We're looking for contributors

Michel Hazanavicius: Favorite Silent Movies

Berenice Bejo Michel Hazanavicius Oscar
Bérénice Bejo, Michel Hazanavicius

Michel Hazanavicius, Bérénice Bejo Photo; Hazanavicius' Oscar 2012 Q&A Pt.1

Q. [Speaks in French ] Hollywood, next step Hollywood.

A. It's not next step. I mean, this movie brings me some opportunities to meet people and some of them propose me send scripts, or told me that they wanted to work with me. And if there's a chance to make a good movie I will do it ... with honor and great pleasure because people know how to make movies here.

So, there's some beautiful actors, beautiful scriptwriters and, yes, I hope I will make a movie here once. It won't be the next one. And also, I have a wonderful producer who is French and I want to work with him again. And when you have that kind of producer you don't drop him off. You stay – you stuck to him. You stick to him. That's better I think.

Q. With the popularity The Artist and [Martin Scorsese's] Hugo, what would you say is your favorite silent film or silent films that helped guide you through the process of making the film in that era?

A. Which one of my favorite silent movies?

Q. Yeah, your personal favorite.

A. I would say, like, I don't know, maybe eight or something. It's very difficult to say one, because silent movie is not a genre, you know, that because it's just a format.

I would say that the [F.W.] Murnau's movies: the American ones Sunrise and City Girl, I think I prefer City Girl, because I think it's more simple, but both of them are really great. King Vidor's The Crowd. It's a wonderful movie. Everybody can see it. It's easy to watch.

It's very touching. It's moving picture and very modern. Tod Browning's, The Unknown ... which it's a great, great covert and sexy movie set in a gypsy circus, and it's really great, a short one like one hour and ten minutes. [The Unknown exists in truncated form.] The [Frank] Borzage movies, the [Erich] von Stroheim movies, [Josef] von Sternberg movies like, Underworld and The Docks of New York. Underworld is a great, great movie. The Docks of New York is written by Ben Hecht, who wrote Scarface after that. It's a great movie. The great [inaudible] old Charlie Chaplin. You can spend a good week with that.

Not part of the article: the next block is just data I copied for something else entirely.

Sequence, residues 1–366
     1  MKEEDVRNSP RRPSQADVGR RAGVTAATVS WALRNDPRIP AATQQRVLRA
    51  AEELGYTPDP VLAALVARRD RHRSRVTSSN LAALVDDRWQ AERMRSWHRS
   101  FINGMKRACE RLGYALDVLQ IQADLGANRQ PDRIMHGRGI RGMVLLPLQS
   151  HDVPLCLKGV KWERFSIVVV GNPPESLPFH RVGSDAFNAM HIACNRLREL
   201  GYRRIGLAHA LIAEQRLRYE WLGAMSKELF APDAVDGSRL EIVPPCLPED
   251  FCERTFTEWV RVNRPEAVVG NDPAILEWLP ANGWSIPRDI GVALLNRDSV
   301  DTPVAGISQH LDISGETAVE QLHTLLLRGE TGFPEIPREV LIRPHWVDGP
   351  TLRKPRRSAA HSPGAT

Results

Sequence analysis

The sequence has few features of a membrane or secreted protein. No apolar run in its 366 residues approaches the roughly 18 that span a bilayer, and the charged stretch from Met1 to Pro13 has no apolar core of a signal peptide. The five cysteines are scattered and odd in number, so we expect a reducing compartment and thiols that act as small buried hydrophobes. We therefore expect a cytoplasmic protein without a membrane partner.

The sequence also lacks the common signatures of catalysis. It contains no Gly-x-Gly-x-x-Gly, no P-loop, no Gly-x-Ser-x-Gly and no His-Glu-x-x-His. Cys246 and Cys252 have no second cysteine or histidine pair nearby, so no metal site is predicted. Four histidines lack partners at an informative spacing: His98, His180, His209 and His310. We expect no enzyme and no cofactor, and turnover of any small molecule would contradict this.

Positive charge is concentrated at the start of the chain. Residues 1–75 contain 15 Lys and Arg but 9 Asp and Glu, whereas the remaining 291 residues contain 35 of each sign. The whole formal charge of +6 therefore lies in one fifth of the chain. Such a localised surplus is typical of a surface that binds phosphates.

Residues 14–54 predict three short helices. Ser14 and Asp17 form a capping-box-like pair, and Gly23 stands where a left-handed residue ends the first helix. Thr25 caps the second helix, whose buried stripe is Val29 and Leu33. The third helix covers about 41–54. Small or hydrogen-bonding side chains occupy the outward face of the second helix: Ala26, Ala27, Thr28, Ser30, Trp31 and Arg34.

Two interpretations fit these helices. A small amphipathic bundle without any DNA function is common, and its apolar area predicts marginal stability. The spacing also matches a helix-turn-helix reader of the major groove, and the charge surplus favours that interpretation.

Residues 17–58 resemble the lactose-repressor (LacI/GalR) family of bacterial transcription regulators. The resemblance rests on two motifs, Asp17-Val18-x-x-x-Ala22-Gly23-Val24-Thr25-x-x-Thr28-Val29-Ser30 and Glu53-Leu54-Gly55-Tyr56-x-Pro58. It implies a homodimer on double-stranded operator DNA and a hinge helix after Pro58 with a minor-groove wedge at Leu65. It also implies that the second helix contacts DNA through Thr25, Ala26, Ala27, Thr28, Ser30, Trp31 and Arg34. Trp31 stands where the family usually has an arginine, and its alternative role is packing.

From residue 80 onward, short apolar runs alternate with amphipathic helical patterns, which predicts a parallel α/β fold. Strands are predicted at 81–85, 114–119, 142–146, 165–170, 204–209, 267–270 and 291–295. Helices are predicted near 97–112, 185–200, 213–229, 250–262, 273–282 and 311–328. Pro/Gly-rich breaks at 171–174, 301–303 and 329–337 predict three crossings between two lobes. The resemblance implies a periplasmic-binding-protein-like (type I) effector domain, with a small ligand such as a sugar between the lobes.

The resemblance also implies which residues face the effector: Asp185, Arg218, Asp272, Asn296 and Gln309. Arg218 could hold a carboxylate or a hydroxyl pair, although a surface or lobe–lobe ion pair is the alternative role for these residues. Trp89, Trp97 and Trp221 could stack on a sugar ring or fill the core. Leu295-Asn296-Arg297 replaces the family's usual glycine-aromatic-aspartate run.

Q. When we talked at Cannes and then Toronto, we talked a lot about taking risks and your risk seems to have paid off. So this is a two-part question. Do you think the success tonight, The Artist, will help people take more risks, and do you think it, also, will encourage other people besides those of us who already love silent cinema to pay attention to the real history of cinema including that era?

[Continues on next page. See link below.]

Michel Hazanavicius, Bérénice Bejo photo: Matt Petit / © A.M.P.A.S.

If you found Michel Hazanavicius: Favorite Silent Movies an informative post, please recommend it to your friends. See share buttons above and on the left.
And consider following Alt Film Guide on Facebook and/or joining the FB group All About Movies.
Michel Hazanavicius: Favorite Silent Movies © 2004-2015 Alt Film Guide and/or author(s). Text NOT to be reproduced without prior written consent.

Continue Reading: Michel Hazanavicius, Bérénice Bejo: THE SEARCH Next

Previous Post: Michel Hazanavicius, Bérénice Bejo: Oscar 2012 Q&A


Click on 'Load Comments' to leave a comment about Michel Hazanavicius: Favorite Silent Movies.

Important: Different views and opinions are perfectly fine, but courtesy and respect are imperative. Abusive, bigoted, baseless (spreading misinformation), and/or trollish/inflammatory comments will be blocked and offenders may be banned.




FILM ARCHIVES

THE BIG PARADE Restored, Tinted: San Francisco Silent Film Festival
Gloria Swanson and Rudolph Valentino: 1920s 'Lost Film' BEYOND THE ROCKS Screening
Cinesation 2006
Rudolph Valentino on Turner Classic Movies
Theda Bara: CLEOPATRA Star Featured in Documentary
Harold Lloyd's WELCOME DANGER Screening
San Francisco Film Festival Silents
Fay Wray Movies and Bio
Lon Chaney on TCM
Cinecon 2007
THE VOLGA BOATMAN - William Boyd - Cecil B. DeMille
Lyda Borelli Screening at BAM
Movies! Moguls! Monkeys! and Murder!: Centennial of Los Angeles' First Film Studio
Best Films - 1925: John Gilbert, Norma Shearer, Constance Talmadge, Renée Adorée
Janet Gaynor-Charles Farrell 7TH HEAVEN, Fragment of Lost Academy Award Winner THE PATRIOT Screening
THE BLIZZARD Review: Einar Hanson, Mary Johnson Mauritz Stiller
Michel Hazanavicius/THE ARTIST, James Marsh/PROJECT NIM: DGA Award Winners
Michel Hazanavicius, Bérénice Bejo, Uggie
Douglas Fairbanks: THE HALF-BREED Lost and Found
D.W. Griffith Movies at Biograph: The Birth of a Cinema at the American Cinematheque